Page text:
Using financial reports can help you make critical business decisions. The numbers in the financial statements should give you a general overview of how your business is doing. Comparing numbers from one year to the next can provide helpful information on income trends, expenses and inflation.
Basic financial statements consist of the following:
Income statement (profit and loss)
The income statement is a summary of transactions over a period of time. Usually measured monthly, quarterly and annually, the income statement is the place to look for how much net profit you made. Sales represent the income of the business and cost of goods sold represents the direct costs to make or provide sales. For instance, let’s say a company sold product A for $100.00 and it cost them $70.00 to manufacture/purchase/produce and ship the product; then the cost of goods sold amount would be $70.00. The gross profit would be $30.00, the difference between the sale and the cost of sale. Analyzing gross profit is important and the gross profit percentage, which is the gross profit amount ($30.00) divided by the sale ($100.00) is an important ratio for business owners to understand.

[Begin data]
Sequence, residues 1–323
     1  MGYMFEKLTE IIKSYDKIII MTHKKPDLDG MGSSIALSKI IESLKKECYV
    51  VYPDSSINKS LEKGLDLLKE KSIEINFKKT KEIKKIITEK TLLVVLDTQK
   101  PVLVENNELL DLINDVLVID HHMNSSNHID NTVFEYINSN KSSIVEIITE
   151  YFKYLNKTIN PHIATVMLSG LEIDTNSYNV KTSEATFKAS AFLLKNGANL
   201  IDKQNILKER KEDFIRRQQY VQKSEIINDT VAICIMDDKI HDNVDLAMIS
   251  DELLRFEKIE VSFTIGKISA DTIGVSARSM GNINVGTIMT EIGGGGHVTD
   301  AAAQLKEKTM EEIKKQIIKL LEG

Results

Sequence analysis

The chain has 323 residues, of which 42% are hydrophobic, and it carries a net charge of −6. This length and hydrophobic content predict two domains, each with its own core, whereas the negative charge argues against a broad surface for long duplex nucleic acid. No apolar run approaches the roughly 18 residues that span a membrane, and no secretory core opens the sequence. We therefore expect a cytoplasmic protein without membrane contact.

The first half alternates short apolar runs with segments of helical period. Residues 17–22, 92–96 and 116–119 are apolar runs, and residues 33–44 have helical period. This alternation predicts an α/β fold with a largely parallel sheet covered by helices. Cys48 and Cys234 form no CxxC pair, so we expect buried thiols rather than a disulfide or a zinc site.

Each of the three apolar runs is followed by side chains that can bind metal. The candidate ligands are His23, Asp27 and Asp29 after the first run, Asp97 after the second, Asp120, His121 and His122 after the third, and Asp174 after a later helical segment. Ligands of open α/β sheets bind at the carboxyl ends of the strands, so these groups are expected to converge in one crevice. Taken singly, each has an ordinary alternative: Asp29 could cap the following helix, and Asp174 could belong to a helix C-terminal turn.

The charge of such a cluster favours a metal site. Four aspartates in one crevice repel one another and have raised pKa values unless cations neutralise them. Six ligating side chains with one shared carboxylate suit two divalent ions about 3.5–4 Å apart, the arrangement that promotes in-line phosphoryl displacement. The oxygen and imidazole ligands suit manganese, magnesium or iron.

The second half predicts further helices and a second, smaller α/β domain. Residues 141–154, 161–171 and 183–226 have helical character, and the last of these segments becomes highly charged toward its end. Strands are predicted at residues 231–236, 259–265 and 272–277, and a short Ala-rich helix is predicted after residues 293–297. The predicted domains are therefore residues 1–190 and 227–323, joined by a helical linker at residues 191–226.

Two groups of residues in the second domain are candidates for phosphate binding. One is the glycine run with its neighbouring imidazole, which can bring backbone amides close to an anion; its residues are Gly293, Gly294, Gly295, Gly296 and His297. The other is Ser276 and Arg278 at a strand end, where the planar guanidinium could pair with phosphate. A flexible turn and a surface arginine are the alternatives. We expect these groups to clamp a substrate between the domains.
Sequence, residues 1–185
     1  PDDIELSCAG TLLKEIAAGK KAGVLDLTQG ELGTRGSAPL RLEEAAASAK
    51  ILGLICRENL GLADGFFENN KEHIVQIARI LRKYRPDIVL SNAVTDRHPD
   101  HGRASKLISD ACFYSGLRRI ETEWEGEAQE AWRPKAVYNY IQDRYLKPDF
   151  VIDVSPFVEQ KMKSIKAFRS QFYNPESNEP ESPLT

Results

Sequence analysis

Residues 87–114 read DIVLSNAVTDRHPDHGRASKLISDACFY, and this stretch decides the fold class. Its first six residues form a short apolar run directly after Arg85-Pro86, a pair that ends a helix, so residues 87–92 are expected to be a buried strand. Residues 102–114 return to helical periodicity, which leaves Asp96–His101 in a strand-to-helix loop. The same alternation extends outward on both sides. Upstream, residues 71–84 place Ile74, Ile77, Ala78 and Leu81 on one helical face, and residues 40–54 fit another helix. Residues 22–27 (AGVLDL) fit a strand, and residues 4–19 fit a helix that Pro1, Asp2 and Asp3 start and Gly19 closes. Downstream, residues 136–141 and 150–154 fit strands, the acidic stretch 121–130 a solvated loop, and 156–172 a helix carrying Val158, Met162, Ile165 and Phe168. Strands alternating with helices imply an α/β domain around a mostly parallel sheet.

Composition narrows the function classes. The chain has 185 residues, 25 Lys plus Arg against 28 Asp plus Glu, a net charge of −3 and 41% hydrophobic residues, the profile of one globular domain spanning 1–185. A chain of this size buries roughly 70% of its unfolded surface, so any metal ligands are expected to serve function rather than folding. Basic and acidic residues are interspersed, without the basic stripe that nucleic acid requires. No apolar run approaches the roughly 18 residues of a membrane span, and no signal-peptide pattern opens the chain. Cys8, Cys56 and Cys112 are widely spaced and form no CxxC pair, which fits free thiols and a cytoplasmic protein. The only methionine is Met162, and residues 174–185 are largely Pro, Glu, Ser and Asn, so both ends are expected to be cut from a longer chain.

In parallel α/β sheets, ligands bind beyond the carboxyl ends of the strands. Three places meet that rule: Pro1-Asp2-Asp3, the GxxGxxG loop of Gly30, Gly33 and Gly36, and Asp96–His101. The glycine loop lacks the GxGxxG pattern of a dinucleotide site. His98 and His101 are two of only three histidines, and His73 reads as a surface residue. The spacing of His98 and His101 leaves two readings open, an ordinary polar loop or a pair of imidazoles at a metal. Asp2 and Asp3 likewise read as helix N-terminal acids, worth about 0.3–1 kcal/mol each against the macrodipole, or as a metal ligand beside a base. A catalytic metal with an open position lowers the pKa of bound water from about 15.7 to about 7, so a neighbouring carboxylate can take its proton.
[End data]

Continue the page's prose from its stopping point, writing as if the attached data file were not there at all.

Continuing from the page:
Net profit or net income is the difference between sales and all expenses. Operating expenses represent all indirect expenses in a business. Individual line items in the income statement should be reviewed often to determine spending trends and possibly spot errors.
The balance sheet shows financial position at a given point in time, again usually monthly, quarterly and annually. The balance sheet is based on the accounting equation of assets = liabilities + capital. Assets are anything the company owns, for instance, cash in the bank, inventory, amounts owed by customers and equipment. Liabilities are anything the company owes, for instance, loans and payments due to vendors. The equity section is what is left over, or the net worth.
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